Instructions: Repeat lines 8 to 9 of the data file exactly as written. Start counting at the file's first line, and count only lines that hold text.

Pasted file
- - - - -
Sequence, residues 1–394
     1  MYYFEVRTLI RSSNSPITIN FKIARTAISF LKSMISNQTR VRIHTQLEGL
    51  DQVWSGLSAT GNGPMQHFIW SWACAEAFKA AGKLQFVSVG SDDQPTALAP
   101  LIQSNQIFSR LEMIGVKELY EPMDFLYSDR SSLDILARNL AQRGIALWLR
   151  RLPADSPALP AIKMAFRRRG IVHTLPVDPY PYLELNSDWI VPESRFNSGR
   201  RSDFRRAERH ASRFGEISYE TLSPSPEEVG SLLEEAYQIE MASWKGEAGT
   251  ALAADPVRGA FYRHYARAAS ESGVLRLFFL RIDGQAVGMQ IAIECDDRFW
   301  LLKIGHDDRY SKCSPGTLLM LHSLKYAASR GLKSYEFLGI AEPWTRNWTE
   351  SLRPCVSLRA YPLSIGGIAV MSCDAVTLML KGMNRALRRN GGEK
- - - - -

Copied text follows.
   301  LLKIGHDDRY SKCSPGTLLM LHSLKYAASR GLKSYEFLGI AEPWTRNWTE
   351  SLRPCVSLRA YPLSIGGIAV MSCDAVTLML KGMNRALRRN GGEK